I enjoyed all the transcripts friends posted on Facebook of interviews conducted with their kids. In the interest of preserving some footage of our girl with very few teeth, I thought I would conduct it by video. Enjoy – 3 minutes 36 seconds.
This past summer, I have very consciously recorded in my brain’s notebook a particular feeling. You know that warm, effervescent feeling that bubbles up from the deep well of all the feels? I realized this feeling was on the endangered feelings list.
And you’re thinking, Oh for the love, Kendra. Get over yourself and your first world non-problems.
But I needed to keep this notebook in my brain so that I could. Get over myself.
The notebook log of joyful feels:
– Sitting in a park in Savannah and watching my kids play independently on the playground.
– Backfloating in the neighborhood pool on a weekend afternoon with hubs and kiddies
– Walking at the Chattanooga Market, flanked by both my kiddies
The pattern I see is that joy is 100% more likely to occur when I am with my family. I like the odds of that.
I got contacts this past summer. I wear them and I like them but I am still adjusting to facing the world without my double-goggled barrier. There is a lot one can hide behind the Velma-inspired specs. You can hide tired better, you can masquerade as someone who is put together. I’m afraid of how naked my face is now, how it might betray me, let others see my joyless countenance.
The little boy with autism who likely wandered away from his grandparents’ home and drowned in Lake Erie this past weekend had lived in my hometown. I was so heavy with the sads yesterday, thinking about his family and their loss and how hard autism is and how long the summer days can be with little children and yet we wouldn’t trade them for all the world. Then, this evening, I drank in all the images of my hometown, where street after street, families placed luminaries up and down the sidewalk to send a little love and light out into the darkness of pain and grief and uncertainty.
Amazing how the heaviest sadness can be followed by the most noble acts of downright goodness.
I realized this past summer that joy comes at a tremendous cost in this world. It is expensive, and buying it at wholesale is not an option. It requires pacing through the aisles of great injustices and terrible-awfuls where we sometimes have to linger because of congestion. Joy is the item we fight for, and we would not want to purchase it with a coupon–the cheap stuff isn’t long-lasting and will just leave us wanting more. Joy can be fleeting but it has taught me more about a God who loves us and wants us to experience it in endless supply.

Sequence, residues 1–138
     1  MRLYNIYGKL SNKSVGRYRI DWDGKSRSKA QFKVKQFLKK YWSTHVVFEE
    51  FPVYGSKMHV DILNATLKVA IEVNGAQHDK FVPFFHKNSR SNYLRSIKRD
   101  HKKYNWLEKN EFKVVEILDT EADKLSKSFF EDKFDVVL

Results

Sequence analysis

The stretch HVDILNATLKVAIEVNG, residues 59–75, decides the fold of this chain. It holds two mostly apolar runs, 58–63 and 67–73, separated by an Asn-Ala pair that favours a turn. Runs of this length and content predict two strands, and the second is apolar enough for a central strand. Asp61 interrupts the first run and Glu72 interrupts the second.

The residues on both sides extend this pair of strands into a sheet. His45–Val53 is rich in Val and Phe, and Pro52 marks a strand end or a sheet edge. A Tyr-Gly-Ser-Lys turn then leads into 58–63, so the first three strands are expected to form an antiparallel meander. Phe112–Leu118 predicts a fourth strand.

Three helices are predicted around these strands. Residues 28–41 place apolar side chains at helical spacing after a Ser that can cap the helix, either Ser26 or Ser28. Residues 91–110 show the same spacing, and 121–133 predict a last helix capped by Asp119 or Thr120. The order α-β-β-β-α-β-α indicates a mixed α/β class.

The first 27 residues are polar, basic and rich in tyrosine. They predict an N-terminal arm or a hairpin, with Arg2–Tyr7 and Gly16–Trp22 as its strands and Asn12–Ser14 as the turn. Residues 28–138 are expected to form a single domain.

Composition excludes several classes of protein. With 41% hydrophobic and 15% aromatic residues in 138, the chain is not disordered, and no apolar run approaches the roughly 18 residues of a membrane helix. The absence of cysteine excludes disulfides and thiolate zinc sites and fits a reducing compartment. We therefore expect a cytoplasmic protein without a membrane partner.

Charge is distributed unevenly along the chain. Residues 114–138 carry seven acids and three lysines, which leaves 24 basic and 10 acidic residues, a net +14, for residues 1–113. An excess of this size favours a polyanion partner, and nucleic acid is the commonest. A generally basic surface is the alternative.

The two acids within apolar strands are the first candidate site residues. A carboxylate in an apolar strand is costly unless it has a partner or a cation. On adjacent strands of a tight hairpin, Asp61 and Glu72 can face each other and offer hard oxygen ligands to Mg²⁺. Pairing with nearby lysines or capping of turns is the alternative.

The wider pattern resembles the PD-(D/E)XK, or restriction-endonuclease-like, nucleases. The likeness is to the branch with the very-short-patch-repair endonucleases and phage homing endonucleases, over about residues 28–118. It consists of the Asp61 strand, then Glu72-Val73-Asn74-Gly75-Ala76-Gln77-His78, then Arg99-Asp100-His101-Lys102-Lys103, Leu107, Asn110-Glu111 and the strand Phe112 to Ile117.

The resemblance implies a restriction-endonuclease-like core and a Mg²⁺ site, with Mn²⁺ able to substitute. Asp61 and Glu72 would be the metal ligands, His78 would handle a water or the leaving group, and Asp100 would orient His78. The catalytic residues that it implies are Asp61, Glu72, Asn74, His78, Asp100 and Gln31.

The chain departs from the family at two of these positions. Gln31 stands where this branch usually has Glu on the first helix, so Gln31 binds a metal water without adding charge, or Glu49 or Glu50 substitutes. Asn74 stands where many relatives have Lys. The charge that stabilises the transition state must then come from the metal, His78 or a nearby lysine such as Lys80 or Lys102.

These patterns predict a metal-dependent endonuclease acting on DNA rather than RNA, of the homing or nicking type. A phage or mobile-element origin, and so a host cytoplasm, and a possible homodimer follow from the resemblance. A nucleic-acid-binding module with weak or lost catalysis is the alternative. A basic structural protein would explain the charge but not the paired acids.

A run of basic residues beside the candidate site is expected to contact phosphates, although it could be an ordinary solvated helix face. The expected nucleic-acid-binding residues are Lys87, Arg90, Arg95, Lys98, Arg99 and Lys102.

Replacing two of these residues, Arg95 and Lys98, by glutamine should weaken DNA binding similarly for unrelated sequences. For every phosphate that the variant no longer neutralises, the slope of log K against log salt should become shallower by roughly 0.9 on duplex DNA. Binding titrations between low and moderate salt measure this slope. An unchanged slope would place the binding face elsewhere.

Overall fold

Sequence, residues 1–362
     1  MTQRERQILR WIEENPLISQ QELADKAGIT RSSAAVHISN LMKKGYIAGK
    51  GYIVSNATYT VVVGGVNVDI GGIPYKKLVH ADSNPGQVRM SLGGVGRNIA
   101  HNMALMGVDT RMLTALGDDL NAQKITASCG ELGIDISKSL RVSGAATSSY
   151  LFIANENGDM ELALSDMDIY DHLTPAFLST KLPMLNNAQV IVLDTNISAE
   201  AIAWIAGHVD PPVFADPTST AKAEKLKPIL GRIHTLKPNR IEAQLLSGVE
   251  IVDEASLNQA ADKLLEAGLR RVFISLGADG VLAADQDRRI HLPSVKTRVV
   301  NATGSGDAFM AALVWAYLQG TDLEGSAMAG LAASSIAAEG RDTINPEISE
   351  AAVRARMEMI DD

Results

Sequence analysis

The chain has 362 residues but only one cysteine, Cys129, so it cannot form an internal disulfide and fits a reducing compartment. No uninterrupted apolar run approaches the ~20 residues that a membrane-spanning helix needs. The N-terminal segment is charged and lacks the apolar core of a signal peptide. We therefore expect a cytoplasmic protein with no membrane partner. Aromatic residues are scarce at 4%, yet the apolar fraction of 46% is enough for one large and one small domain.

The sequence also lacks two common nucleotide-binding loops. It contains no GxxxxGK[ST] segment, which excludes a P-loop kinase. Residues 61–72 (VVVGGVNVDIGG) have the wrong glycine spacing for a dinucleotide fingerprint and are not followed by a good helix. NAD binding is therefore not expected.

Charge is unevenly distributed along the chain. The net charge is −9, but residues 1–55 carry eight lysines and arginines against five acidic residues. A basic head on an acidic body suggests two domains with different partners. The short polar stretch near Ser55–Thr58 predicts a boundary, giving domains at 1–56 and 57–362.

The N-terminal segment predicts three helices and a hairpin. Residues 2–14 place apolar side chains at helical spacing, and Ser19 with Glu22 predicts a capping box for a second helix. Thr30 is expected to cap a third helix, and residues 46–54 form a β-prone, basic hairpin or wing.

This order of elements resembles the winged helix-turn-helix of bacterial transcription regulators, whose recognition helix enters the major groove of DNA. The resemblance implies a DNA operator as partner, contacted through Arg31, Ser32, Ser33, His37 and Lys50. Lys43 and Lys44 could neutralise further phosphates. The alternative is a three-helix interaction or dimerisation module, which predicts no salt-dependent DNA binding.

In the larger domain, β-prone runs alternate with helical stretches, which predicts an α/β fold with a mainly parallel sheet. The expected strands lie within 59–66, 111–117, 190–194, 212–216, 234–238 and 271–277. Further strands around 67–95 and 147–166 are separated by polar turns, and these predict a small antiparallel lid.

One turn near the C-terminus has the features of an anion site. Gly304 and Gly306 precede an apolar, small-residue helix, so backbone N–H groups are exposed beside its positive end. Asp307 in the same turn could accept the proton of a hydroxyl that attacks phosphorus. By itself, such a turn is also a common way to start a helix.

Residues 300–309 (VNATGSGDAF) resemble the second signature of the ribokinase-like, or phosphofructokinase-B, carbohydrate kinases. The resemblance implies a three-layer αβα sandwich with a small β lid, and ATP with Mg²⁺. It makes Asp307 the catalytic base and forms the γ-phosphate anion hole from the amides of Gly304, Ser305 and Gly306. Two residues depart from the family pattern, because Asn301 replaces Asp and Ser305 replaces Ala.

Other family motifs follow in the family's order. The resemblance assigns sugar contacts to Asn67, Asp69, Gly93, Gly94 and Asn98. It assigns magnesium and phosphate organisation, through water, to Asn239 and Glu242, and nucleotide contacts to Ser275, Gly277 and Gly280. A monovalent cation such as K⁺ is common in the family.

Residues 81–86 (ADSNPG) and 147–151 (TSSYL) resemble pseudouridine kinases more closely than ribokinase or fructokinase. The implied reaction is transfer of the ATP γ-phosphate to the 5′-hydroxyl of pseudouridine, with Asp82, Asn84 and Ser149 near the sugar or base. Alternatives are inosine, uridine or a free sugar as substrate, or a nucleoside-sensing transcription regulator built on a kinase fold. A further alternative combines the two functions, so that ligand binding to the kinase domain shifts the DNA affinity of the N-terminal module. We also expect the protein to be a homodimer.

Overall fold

“Inside Out,” Pixar’s newest way to fleece parents of a buck, is brilliant and everyone should see it–even people who think a movie about emotions and core memories is a bunch of psychobabble.
There you have it, the only 30 second review you will ever need for “Inside Out.”
Trust. It’s kind of like when you read Suess’s “Oh the Places You’ll Go.” You thought you were wading in some unexpectedly deep waters of truth. You’ll get that feeling again, times forty five.
I will add that one of my favorite parts (no spoilers) is when Bing Bong, an imaginary friend from a girlhood of yore, is riding the Train of Thought and accidentally spills chips that represent facts and opinions. In case you are a robot hard-wired to not experience the blurring of what feels like actual fact and what might be merely an opinion, this moment was a thrill. Because everyone concedes “These facts and opinions look so similar!” I felt so vindicated, having lived with a therapist for ten years. See? SEE! Sometimes they get mixed up, even for animated Pixar people feelings figures, too!
P.S. And yes I do have my next outfit picked out for the costume party.